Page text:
The ride was more exciting than anything Disney had to offer. The Tuc Tuc weaved its way at speed through the densely populated town.
We narrowly missed a cow at a roundabout controlled by a policeman frantically waving his baton like a demented John Cleese. There was no right or left, there was only chaos. The vibrant colour and pungent smells of Varanasi added to the experience that only India could offer.
The spectacle at the Gnats was a challenge to all my senses. The Holy River Ganges offers blessings to the newly wed, embraces the newborn and dispatches the dead. I oversaw the cycle of life from the remote position offered by a small boat some fifty yards from shore.
The funeral pyres burned high that evening as the ceremony began. I was a sceptical visitor as I watched the Hindu customs unfold. Darkness fell as thousands of people lined the shore. The high altar was adorned in a fashion befitting a sacred religious occasion. The solemn music added to the mood as the sick and infirmed came forward to be blessed by the holy water. Those with heavy hearts unburdened their soles to their Hindu God. Many left petitions at the altar of their religious master. The Sadhus prayed, people sang and many cried as a procession made its way to the rivers edge. Thousands of candles were alight and the smell of incense filled the night.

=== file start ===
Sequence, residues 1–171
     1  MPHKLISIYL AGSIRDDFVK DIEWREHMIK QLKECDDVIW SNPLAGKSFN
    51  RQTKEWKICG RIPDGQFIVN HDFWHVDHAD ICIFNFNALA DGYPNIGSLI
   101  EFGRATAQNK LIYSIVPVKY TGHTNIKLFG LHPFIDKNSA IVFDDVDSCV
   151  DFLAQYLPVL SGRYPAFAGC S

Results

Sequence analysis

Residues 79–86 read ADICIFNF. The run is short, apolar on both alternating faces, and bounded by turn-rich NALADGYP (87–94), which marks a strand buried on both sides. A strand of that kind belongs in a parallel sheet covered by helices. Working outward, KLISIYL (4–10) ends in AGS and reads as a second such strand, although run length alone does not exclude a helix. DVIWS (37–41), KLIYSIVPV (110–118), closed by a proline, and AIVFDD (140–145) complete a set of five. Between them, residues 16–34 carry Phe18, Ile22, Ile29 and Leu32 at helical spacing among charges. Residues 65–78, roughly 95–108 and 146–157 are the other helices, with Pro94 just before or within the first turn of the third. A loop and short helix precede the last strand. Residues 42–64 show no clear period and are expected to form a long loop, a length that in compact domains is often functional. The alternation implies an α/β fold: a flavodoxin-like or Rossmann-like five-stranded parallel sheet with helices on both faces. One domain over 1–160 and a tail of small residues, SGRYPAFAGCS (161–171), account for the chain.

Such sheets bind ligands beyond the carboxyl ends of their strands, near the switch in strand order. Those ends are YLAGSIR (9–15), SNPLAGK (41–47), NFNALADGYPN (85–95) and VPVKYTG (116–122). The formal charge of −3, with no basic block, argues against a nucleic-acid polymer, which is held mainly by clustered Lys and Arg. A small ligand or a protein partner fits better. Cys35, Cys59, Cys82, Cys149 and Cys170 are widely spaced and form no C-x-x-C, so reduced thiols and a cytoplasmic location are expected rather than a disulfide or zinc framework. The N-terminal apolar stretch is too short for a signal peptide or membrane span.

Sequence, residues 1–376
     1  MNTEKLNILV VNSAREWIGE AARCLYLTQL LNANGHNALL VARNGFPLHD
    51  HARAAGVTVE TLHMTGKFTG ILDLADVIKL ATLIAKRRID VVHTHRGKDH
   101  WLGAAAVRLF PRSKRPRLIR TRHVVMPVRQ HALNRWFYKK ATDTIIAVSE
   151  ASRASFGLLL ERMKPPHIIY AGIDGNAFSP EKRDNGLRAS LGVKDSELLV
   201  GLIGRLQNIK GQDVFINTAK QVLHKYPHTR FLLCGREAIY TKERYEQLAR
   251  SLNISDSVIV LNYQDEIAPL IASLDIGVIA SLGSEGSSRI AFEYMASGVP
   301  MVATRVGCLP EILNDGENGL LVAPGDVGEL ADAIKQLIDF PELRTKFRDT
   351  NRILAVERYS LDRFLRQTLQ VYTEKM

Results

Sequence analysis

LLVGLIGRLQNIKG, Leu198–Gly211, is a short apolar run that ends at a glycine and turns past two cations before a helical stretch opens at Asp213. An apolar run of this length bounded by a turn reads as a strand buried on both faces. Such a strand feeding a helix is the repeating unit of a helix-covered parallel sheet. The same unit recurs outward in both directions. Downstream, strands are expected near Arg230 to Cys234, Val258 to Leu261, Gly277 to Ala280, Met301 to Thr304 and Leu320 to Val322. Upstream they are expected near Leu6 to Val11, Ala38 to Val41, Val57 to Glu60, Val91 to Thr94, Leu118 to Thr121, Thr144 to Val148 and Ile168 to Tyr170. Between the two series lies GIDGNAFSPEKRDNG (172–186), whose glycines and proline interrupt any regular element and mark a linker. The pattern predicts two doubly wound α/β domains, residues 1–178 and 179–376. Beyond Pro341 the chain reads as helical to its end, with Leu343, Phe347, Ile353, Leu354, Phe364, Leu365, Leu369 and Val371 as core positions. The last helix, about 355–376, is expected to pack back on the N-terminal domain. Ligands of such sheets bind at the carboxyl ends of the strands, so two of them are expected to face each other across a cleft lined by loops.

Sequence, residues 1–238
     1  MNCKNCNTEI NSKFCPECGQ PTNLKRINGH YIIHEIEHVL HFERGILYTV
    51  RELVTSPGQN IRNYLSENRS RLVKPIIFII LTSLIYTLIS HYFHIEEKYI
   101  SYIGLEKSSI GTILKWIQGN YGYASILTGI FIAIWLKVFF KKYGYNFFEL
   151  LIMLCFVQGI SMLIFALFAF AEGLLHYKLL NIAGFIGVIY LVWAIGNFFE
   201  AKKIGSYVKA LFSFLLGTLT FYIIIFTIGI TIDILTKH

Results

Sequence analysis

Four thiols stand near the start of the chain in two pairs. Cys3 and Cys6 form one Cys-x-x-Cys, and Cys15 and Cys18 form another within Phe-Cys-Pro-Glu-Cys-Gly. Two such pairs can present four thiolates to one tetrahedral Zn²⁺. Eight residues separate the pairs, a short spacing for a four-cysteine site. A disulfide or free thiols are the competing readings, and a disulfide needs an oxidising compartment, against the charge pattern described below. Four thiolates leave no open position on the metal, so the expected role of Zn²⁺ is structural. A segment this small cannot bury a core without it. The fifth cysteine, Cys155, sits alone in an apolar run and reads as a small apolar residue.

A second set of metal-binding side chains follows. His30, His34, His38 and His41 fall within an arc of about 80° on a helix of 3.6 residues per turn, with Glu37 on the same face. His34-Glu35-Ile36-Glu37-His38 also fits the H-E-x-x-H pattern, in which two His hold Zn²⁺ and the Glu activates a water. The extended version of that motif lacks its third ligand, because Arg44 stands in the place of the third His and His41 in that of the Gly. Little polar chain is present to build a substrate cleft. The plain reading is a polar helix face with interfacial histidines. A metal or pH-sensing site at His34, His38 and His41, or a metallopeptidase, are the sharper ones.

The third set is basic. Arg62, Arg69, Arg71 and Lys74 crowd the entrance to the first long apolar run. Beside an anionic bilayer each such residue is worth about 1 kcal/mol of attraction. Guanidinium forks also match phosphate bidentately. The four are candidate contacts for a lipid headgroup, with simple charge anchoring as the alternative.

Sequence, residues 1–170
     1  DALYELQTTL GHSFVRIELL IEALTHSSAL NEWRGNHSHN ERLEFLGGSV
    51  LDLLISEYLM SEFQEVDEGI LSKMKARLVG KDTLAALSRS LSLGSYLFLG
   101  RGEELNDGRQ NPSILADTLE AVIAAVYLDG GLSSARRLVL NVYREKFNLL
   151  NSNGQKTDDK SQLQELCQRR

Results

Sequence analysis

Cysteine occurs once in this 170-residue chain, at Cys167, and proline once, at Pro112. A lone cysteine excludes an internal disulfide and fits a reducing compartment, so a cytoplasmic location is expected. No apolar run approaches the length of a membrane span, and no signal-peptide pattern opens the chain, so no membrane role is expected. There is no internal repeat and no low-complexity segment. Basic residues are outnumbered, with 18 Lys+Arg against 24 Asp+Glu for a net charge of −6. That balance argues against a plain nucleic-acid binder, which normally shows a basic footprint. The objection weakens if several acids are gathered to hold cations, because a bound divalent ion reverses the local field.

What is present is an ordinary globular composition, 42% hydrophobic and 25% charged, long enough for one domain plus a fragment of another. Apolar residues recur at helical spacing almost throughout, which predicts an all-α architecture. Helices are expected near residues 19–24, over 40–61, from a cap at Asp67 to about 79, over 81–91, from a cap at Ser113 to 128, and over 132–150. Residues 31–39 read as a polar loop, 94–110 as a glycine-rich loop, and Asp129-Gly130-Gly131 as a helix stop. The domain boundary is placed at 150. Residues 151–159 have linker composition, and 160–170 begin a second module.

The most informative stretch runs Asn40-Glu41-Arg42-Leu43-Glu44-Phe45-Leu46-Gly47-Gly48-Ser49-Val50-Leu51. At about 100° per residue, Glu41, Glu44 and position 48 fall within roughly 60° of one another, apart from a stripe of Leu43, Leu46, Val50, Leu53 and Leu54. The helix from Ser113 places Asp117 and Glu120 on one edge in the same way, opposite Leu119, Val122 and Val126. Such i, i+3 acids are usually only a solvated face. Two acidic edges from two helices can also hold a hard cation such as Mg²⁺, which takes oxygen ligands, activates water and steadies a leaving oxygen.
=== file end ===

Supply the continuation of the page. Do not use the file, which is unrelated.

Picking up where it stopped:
The candles, positioned on beds of flowers, were gently placed into the majestic river. My mood turned sombre as the flotilla grew a thousand fold. Voices sang in praise as the symbols of personal loss passed me by. The air was tense with the emotion of the occasion. My throat tightened and suddenly I felt tears.
I had witnessed such a ceremony and similar emotions before, in a small town in the south of France. What difference between the Hindu and Christian God? What difference between Varanasi and Lourdes?